DAVE Caesar, clinical director of emergency medicine, Edinburgh Royal Infirmary and St John’s Hospital, Livingston, gives an insight into treating foreigners.
Crazy season is here again.
The hordes of perennial visitors to our spectacular city pose a variety of seasonal challenges to us in the Emergency Department. Not only the “New Town is my second home dahlings” lot, who in the excitement of their latest four-star review (who doesn’t get a four-star review?) forget their regular medications or misplace them in a dank dark cellar at three in the morning, but also the foreign visitors.
“Lost in translation” doesn’t cover some of the difficulties in trying to treat and manage overseas tourists. Not only do you have to grasp their medical problem, but you also have to have some insight into their cultural expectations and preconceptions of their healthcare system and our own beloved NHS, as well as trying to arrange their logistics and travel. It all makes for an interesting month.
An Italian patient came in last week. He was a well gentleman in his 50s, visiting with his wife as part of an organised tour. His triage note said his wife spoke English – true if ordering a coffee, and her English was way better than my Italian – but when it came to translating a medical history, things quickly started to unravel.
Not unlike some of the Fringe shows, we explored a multisensory mosaic of information transfer in an attempt to understand his problem. After 15 minutes or so, I figured out that the patient was in urinary retention – a particularly painful and distressing condition where you are desperate to pass urine, but are unable to, due to a kink at the bladder neck, often caused by an enlarged prostate.
I then embarked on my attempt to explain this to him and his wife, and also to describe what the treatment would be: inserting a catheter (tube) through his penis into his bladder to drain the collecting urine. When I found myself miming this treatment option to these very respectable tourists, I figured another strategy was required.
Cue the interpretation service: a couple of phone calls later, and 30 minutes of to-ing and fro-ing with the phone to the patient, and we at least all understood what the situation was, and how we were going to resolve it.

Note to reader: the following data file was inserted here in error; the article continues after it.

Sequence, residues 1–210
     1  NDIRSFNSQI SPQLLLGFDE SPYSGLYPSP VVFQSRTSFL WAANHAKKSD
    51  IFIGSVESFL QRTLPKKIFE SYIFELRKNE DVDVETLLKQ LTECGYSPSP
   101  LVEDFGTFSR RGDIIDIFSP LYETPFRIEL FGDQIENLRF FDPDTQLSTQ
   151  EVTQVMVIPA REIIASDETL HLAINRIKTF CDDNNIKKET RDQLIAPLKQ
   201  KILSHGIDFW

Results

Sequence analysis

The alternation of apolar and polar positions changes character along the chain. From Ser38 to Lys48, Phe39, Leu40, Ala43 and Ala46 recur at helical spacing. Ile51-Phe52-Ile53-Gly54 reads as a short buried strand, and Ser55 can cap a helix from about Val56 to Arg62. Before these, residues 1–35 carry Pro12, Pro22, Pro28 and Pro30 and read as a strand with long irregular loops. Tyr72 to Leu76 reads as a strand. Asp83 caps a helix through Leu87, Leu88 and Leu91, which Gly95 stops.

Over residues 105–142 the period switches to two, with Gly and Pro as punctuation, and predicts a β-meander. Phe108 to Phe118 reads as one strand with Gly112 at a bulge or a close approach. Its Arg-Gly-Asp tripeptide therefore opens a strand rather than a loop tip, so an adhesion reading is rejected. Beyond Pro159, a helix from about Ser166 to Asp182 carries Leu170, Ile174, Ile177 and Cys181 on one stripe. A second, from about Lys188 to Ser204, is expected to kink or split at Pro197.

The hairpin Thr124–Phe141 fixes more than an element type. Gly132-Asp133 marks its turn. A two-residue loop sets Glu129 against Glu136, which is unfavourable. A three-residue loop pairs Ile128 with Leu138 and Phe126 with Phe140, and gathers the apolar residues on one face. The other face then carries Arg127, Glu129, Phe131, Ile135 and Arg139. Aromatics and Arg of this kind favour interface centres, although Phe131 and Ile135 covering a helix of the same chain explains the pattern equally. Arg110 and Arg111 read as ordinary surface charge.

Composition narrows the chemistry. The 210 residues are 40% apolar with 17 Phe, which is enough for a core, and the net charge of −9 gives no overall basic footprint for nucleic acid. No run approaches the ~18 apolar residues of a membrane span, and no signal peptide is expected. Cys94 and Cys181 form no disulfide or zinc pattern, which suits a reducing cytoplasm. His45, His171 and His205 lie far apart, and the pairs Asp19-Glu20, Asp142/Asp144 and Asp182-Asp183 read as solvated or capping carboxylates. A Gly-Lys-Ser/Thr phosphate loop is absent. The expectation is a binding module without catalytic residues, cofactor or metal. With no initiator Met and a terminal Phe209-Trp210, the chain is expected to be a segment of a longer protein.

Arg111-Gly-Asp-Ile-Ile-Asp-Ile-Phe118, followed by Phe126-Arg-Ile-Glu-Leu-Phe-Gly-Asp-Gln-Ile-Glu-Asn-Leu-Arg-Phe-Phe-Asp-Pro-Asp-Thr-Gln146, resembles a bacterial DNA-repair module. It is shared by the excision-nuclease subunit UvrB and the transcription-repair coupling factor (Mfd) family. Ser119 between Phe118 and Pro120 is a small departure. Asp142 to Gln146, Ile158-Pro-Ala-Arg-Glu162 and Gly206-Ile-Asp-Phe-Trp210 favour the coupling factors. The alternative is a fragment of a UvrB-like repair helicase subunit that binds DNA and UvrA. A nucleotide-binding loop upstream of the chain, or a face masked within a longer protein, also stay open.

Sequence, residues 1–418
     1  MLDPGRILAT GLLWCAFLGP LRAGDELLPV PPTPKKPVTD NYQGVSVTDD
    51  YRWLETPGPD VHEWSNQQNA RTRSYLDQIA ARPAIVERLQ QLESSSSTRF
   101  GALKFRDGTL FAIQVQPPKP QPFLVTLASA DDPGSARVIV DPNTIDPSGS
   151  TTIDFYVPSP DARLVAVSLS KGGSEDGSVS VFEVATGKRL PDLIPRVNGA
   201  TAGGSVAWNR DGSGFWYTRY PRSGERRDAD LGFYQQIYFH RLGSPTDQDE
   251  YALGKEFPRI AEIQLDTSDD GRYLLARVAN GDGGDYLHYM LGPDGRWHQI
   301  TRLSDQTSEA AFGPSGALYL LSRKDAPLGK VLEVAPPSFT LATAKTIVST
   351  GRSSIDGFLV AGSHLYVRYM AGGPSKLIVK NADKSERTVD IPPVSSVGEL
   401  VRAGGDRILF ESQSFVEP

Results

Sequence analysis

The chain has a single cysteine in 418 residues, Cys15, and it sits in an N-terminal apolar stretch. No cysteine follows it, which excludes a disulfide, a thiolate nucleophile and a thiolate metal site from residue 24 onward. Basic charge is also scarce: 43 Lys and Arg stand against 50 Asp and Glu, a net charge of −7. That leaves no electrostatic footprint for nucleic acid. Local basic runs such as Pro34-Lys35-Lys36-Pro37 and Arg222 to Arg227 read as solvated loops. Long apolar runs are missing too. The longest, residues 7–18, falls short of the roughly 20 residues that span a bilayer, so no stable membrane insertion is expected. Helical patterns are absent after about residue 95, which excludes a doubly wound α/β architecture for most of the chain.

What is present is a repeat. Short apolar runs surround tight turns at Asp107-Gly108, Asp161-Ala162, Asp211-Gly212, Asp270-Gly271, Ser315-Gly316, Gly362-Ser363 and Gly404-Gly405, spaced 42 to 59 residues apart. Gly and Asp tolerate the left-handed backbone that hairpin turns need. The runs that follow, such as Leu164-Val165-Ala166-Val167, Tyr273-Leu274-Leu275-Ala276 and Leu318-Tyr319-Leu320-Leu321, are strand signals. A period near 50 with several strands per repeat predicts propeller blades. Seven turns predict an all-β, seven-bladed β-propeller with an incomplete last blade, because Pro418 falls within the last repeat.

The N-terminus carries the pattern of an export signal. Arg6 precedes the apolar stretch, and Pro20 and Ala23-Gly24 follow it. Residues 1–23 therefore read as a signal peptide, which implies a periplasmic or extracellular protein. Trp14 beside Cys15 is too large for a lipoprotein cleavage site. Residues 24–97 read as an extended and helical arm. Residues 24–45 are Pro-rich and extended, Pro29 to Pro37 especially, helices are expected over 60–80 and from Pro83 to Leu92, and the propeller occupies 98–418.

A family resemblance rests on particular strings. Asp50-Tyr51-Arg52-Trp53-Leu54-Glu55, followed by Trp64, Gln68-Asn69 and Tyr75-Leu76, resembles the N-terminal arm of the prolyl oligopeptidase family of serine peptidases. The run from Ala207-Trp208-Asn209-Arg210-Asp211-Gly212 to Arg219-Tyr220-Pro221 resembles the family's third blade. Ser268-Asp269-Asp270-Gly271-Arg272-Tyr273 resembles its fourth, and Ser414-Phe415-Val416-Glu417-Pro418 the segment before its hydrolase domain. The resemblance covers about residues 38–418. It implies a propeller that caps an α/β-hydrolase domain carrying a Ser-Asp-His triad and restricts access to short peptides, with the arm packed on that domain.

The gentleman had his condition resolved, had a plan of how to join his tour and get home, and seemed grateful for our intervention. The whole episode had taken twice as long as if he had been a local, and this is often the major difficulty – patients just take longer to deal with.
Shortly after, a German patient was brought in by ambulance from a cruise ship. She came with a letter of barely comprehensible medical German from the cruise ship Doctor, who had diagnosed this elderly lady with heart failure and pulmonary oedema (fluid on her lungs). She had been treated with a slightly unusual (to us) combination of therapy, but seemed to be better than she had been, and after a full assessment, some routine investigations, and some more treatment in the Emergency Department, we agreed that she could go back to her ship.
This, by all accounts, was not what the Ship’s Doctor was anticipating, and the Good Doctor made her way from the ship up to the Emergency Department to discuss our plan. In strides this lady, starched white uniform, somewhere between Hattie Jakes in her “Carry On” prime and Rosa Kleb from 007’s From Russia with Love was matronly but not to be crossed!
After some more pained broken German / English, a consensus was reached, and the whole affair ended with such happy patients that as they left the Emergency Department they were stuffing 20 Euros into our junior doctor’s surgical scrubs like he was in some medical burlesque show. He did his best to refuse, but one glance from the Good Doctor was enough for it to be accepted and later added to the Medic One Charity fund.
Extra 1000 patients in August
EVERY August, the Emergency Department receives approximately 10 per cent more patients than any other month – that’s an extra 1000 patients – and many of these are from outside Lothian. On top of some of the language difficulties, we have to grapple with alternative follow-up arrangements, and making tailored plans for patients to fit in with travel plans and the like. It also makes accessing previous records and understanding current medication, and their interactions with British medications, quite a headache.
In the first week in August, we also are part of the UK-wide junior doctor changeover. This additional dimension adds to the slight slowdown of efficiency, but there are undoubtedly some priceless moments too.